I am proud to introduce one of the top three winning short stories from the recent LongShortStories “PAY IT FORWARD” Challenge short story contest.
Archive for September, 2008
Mr. Lipschitz stared at his sock drawer in utter contempt. Somehow in the past three days, it had become completely disorganized and that would not do. No, that simply would not do.
He slammed the drawer closed in anger. The resulting bang caused him to examine it and the surrounding polished wood for damage. How unlike him to lose his temper like that, he chastened himself. He didn’t usually show his displeasure except to the recently vanished Mrs. Lipschitz. Going out for groceries, indeed. His sainted mother had been right; deny his wife money and she’d be gone.
His mother’s cherry wood gentleman’s dresser, with its elegant silver and onyx inlay, gleamed back at him, unharmed. He ran a bony finger over the surface checking for dust and found none. Standing back, the lanky man admired once again the lines of the art deco piece that many a private collector coveted.
“My apologies, my friend, for losing my temper,” he said with a slight bow. “It won’t happen again.”
Glancing at his wristwatch, he crossed the room appreciating the thick, Persian carpet beneath his feet. He relished the memory of how he’d garnered it for a ridiculously low price at auction several years before. He went down the stairs of his newly installed eighteenth century, carved mahogany staircase, his most expensive acquisition to date.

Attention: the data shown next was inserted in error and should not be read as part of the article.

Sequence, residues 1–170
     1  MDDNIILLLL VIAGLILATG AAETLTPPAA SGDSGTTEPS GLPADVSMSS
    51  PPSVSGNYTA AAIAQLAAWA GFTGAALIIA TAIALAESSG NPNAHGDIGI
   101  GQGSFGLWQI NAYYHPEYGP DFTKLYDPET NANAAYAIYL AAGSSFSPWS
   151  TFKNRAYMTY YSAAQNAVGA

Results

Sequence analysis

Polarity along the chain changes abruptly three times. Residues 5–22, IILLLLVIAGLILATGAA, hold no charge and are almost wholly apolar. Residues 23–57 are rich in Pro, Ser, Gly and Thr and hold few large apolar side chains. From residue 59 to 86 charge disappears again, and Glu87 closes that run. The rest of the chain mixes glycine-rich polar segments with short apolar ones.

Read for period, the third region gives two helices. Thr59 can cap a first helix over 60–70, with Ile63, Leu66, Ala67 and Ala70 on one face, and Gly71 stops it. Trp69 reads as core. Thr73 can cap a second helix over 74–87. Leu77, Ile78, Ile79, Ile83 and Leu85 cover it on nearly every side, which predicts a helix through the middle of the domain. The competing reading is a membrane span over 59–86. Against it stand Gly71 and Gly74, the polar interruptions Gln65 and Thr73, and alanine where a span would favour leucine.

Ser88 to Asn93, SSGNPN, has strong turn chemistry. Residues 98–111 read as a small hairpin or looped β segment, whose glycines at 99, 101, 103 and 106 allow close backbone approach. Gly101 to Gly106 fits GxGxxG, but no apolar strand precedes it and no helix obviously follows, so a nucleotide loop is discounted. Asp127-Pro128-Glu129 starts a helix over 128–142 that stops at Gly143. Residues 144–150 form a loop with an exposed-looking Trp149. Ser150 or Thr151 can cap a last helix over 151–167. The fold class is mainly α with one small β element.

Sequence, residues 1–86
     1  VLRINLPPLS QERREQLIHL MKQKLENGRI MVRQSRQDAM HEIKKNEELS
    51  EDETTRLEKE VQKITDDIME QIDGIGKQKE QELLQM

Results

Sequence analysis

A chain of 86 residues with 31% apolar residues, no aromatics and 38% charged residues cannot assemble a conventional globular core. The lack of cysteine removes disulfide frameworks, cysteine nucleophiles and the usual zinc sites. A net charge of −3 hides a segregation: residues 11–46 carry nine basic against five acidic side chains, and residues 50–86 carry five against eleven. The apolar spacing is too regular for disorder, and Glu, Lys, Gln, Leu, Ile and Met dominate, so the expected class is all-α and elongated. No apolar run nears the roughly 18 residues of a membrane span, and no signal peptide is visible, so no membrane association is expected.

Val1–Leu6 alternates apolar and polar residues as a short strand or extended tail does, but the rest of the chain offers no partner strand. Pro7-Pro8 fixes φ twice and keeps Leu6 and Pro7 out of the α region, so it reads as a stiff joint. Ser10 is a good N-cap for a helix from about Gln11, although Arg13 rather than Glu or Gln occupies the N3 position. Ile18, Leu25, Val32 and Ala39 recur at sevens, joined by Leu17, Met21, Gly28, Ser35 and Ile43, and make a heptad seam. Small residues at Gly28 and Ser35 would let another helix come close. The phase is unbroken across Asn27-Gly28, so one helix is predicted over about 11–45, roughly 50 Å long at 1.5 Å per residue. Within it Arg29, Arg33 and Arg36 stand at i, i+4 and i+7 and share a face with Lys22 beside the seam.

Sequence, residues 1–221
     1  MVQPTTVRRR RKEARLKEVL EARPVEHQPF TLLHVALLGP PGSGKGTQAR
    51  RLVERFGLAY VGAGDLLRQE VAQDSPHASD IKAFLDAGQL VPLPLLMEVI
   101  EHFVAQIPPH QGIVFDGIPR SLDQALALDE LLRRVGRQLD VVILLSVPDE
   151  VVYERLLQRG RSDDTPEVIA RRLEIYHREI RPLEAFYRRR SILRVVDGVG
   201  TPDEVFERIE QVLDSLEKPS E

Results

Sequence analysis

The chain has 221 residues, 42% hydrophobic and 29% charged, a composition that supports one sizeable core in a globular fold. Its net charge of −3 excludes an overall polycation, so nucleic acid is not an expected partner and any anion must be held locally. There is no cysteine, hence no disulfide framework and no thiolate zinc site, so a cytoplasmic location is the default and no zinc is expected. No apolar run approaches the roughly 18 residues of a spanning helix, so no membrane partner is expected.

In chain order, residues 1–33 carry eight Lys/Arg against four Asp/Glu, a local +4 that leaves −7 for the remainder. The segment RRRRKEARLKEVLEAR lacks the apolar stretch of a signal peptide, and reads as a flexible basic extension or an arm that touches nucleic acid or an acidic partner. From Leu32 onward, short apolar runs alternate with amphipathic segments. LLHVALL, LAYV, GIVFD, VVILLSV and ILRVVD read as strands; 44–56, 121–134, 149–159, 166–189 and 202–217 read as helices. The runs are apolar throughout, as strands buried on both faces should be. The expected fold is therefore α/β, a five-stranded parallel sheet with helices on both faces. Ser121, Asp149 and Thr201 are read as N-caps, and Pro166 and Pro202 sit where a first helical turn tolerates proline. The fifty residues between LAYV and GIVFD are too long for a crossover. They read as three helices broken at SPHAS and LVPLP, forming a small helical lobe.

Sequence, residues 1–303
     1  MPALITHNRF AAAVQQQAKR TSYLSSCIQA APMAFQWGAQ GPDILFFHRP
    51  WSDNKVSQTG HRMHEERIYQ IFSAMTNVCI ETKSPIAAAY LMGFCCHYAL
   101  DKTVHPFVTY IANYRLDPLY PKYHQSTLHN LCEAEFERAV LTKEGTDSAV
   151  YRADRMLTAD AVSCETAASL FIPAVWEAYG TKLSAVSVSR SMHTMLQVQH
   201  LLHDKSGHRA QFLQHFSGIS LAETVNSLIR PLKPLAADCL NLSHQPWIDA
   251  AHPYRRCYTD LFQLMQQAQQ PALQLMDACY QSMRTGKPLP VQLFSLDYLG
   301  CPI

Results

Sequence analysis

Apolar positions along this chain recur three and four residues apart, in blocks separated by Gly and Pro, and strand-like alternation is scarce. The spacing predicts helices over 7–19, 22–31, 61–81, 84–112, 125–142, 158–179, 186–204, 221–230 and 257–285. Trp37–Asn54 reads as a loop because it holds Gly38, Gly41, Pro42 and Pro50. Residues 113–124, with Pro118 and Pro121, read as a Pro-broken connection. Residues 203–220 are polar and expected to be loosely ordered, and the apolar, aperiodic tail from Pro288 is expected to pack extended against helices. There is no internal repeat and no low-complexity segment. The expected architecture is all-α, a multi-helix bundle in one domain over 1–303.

Being a Certified Public Accountant may have been his livelihood, but his life’s work was acquiring treasures at discounted prices. He made it his business to find out who needed money, was declaring bankruptcy, going out of business, or had “passed over,” as his own sainted mother had done three years before.
Of course, it did help that his mother had left him quite a legacy upon her passing, as the now vanished Mrs. Lipschitz had ceaselessly reminded him. But he’d added to that legacy with his exquisite taste and acquisitional habits.
He stepped into the living room and surveyed it with immense satisfaction. His eyes beheld his only friends, the sparkling amethyst and lead crystal chandelier, fine paintings, porcelain figurines, museum quality furniture, and rare Oriental rugs, all obtained for a fraction of their value by his cunning negotiating and bidding skills.